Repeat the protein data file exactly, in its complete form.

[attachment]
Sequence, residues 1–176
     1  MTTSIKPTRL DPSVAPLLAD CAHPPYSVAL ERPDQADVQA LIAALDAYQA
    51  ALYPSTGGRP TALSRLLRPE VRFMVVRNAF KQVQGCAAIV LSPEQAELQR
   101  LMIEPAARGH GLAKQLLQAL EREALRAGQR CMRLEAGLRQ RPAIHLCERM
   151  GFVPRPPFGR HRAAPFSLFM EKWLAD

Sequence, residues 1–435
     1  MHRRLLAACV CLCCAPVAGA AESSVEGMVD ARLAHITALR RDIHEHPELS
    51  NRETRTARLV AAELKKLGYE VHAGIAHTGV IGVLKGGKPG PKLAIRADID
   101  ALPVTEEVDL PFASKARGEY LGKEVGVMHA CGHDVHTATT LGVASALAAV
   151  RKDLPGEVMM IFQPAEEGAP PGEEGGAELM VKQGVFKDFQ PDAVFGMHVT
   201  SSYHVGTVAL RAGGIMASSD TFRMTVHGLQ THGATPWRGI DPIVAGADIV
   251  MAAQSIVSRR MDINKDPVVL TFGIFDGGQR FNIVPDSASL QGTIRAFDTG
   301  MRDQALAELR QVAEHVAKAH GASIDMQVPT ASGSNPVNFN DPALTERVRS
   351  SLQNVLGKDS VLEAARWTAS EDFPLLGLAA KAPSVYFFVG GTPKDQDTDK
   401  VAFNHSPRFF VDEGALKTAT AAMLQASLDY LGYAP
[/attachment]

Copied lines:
Sequence, residues 1–176
     1  MTTSIKPTRL DPSVAPLLAD CAHPPYSVAL ERPDQADVQA LIAALDAYQA
    51  ALYPSTGGRP TALSRLLRPE VRFMVVRNAF KQVQGCAAIV LSPEQAELQR
   101  LMIEPAARGH GLAKQLLQAL EREALRAGQR CMRLEAGLRQ RPAIHLCERM
   151  GFVPRPPFGR HRAAPFSLFM EKWLAD

Sequence, residues 1–435
     1  MHRRLLAACV CLCCAPVAGA AESSVEGMVD ARLAHITALR RDIHEHPELS
    51  NRETRTARLV AAELKKLGYE VHAGIAHTGV IGVLKGGKPG PKLAIRADID
   101  ALPVTEEVDL PFASKARGEY LGKEVGVMHA CGHDVHTATT LGVASALAAV
   151  RKDLPGEVMM IFQPAEEGAP PGEEGGAELM VKQGVFKDFQ PDAVFGMHVT
   201  SSYHVGTVAL RAGGIMASSD TFRMTVHGLQ THGATPWRGI DPIVAGADIV
   251  MAAQSIVSRR MDINKDPVVL TFGIFDGGQR FNIVPDSASL QGTIRAFDTG
   301  MRDQALAELR QVAEHVAKAH GASIDMQVPT ASGSNPVNFN DPALTERVRS
   351  SLQNVLGKDS VLEAARWTAS EDFPLLGLAA KAPSVYFFVG GTPKDQDTDK
   401  VAFNHSPRFF VDEGALKTAT AAMLQASLDY LGYAP